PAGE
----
Skip to Content
Uncategorized

Magic Marker

September 1, 1999

Meeting hell: Someone-most likely your boss-is scribbling ideas, dates and numbers onto a whiteboard faster than you could ever copy them onto your notepad. Eventually you give up, hoping that somebody else has kept a better record than you have. If the room has an electronic whiteboard, of course, you’re in luck-but such devices, which cost thousands of dollars, are far from being standard conference-room equipment.

Now comes a gadget-the mimio, from MIT spinoff Virtual Ink of Cambridge, Mass.-that captures the markings made on any ordinary whiteboard in real time and stores them on a PC for future perusal. The device consists of a portable sensor bar that attaches with suction cups to any flat writing surface-even a windowpane will do. A cable connects the bar to a PC. Ordinary markers are held in special ultrasound-emitting jackets; as the marker moves, the sensor tracks its motion by computing the ultrasound’s travel time. The jackets even emit an infrared signal that indicates the marker’s color.

Deep Dive

Uncategorized

Our best illustrations of 2022

Our artists’ thought-provoking, playful creations bring our stories to life, often saying more with an image than words ever could.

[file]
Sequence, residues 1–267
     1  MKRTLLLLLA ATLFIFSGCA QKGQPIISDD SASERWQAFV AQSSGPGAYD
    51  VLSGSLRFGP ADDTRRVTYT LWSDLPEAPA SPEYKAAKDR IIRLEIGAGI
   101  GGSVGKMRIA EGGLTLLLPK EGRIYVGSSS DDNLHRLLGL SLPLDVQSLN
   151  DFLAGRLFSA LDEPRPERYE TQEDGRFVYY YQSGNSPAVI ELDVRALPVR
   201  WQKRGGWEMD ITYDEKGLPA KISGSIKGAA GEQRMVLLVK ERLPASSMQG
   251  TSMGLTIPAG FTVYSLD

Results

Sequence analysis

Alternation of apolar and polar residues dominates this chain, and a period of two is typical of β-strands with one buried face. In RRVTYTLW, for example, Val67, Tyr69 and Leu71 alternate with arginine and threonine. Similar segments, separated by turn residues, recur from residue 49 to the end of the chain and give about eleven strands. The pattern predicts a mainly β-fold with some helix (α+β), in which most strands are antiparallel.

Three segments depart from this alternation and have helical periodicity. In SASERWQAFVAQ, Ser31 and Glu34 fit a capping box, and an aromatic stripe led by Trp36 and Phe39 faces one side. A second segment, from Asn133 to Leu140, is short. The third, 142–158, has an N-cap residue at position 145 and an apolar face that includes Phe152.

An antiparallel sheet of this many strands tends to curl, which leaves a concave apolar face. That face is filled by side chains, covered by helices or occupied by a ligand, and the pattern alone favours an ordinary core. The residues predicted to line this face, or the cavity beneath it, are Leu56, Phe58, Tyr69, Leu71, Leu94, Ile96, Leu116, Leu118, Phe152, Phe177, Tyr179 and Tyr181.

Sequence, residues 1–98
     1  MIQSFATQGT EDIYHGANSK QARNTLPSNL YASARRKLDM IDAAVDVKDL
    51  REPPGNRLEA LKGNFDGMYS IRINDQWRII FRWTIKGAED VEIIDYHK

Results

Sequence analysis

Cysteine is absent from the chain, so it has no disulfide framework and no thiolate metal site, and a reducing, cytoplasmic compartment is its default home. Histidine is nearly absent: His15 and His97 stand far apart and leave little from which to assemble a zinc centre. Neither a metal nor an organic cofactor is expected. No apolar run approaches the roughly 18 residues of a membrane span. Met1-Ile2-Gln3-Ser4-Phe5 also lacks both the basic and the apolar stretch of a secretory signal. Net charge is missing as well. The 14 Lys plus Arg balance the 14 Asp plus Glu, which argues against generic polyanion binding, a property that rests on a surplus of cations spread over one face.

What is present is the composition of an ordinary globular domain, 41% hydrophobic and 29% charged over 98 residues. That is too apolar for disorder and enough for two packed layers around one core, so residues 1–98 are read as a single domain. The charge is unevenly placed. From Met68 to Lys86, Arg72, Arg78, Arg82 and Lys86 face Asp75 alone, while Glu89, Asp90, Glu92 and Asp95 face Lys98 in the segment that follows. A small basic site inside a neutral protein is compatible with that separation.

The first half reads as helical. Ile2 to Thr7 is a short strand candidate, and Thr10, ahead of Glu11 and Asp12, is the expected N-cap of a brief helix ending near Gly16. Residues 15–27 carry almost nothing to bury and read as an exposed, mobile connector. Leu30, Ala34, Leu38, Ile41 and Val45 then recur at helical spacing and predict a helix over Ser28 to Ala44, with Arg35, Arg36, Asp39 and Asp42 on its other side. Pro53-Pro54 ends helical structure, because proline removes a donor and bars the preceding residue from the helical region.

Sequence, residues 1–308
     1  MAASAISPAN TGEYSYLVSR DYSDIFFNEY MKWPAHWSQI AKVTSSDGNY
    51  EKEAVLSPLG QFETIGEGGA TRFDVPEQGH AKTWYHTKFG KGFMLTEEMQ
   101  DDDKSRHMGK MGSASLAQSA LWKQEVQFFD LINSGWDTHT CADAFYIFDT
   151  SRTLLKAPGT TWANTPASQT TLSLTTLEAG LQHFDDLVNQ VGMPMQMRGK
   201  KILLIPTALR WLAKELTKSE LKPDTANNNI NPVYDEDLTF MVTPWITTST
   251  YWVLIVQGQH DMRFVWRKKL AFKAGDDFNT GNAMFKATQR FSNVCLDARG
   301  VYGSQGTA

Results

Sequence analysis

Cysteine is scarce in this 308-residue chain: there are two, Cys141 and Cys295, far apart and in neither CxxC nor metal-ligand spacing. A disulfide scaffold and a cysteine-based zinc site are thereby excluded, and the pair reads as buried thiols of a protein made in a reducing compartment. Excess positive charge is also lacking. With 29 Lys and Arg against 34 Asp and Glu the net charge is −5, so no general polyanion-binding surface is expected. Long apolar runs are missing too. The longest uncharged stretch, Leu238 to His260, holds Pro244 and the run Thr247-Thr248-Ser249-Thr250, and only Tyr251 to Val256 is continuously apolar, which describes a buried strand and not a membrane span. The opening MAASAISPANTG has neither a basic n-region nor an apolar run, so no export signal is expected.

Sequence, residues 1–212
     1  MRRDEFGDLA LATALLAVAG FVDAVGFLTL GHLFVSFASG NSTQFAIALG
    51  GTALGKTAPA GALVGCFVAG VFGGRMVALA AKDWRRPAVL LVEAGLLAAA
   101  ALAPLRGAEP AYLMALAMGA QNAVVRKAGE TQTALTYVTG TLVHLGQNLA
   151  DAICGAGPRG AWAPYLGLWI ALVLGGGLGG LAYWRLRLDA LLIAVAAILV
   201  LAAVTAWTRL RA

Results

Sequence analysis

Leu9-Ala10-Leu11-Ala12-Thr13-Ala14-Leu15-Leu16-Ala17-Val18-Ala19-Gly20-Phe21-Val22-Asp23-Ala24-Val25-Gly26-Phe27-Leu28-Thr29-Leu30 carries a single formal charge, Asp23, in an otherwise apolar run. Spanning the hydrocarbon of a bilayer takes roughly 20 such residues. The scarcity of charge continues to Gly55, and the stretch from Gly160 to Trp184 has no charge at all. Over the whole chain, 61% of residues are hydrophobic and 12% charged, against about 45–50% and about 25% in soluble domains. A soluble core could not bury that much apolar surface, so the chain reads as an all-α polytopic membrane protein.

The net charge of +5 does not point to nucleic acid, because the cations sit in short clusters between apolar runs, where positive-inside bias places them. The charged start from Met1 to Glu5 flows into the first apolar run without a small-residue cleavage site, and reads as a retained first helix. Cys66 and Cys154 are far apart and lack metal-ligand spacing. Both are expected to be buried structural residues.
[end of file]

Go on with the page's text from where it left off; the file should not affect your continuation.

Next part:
How CRISPR is making farmed animals bigger, stronger, and healthier

These gene-edited fish, pigs, and other animals could soon be on the menu.

The Download: the Saudi sci-fi megacity, and sleeping babies’ brains

This is today’s edition of The Download, our weekday newsletter that provides a daily dose of what’s going on in the world of technology. These exclusive satellite images show Saudi Arabia’s sci-fi megacity is well underway In early 2021, Crown Prince Mohammed bin Salman of Saudi Arabia announced The Line: a “civilizational revolution” that would house up…

10 Breakthrough Technologies 2023

Every year, we pick the 10 technologies that matter the most right now. We look for advances that will have a big impact on our lives and break down why they matter.

Stay connected

Illustration by Rose Wong

Get the latest updates from
MIT Technology Review

Discover special offers, top stories, upcoming events, and more.

Thank you for submitting your email!

Explore more newsletters

It looks like something went wrong.

We’re having trouble saving your preferences. Try refreshing this page and updating them one more time. If you continue to get this message, reach out to us at customer-service@technologyreview.com with a list of newsletters you’d like to receive.